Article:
Wednesday, January 04, 2006

Say it in broken English

Along with such delightful anachronisms as "Orientals", "Coloreds" and "Injuns", I thought I'd never again read in a daily newspaper the term "Broken English" to describe how those folks for whom English isn't a first language might communicate. Not in a front-page news story anyway.

Generally, in such cases, a journalist will either

a) attempt to transcribe such a person's comments in such a way as to convey the feelings without editorializing about the person's linguistic skills; or

b) find a translator.

Item b) is a toughie sometimes when the language is as exotic to these parts as is Spanish, but some do manage.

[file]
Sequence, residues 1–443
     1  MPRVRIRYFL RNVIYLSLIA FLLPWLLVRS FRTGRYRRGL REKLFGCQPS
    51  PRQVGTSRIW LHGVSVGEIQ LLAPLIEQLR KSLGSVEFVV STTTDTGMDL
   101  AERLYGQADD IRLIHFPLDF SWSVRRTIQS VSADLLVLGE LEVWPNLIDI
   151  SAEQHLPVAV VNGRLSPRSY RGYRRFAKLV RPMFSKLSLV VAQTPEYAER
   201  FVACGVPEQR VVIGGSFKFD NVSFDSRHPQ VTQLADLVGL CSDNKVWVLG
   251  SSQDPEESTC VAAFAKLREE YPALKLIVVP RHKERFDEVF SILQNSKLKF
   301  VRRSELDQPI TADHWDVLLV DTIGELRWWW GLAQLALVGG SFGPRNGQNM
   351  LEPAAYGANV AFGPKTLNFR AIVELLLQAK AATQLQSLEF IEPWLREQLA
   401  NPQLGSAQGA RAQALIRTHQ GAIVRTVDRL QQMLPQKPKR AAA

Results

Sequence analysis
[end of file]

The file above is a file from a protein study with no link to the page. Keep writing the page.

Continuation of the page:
But at the Gwinnett Daily Post, where we are still, apparently, living in the first term of the Eisenhower Administration, no such standards exist. And so the boyfriend of a stabbing victim's heartfelt expressions of grief are, in 2006, described as having been uttered in "broken english." Just loverly.

I won't hold my breath waiting for the Post to describe, say, Education Ruler-For-Life Alvin Wilbanks' utterances (wherein he describes the first year of elementary education as "kindygarten") as "Hillbilly English." But wouldn't it be loverly, too, if that were to happen?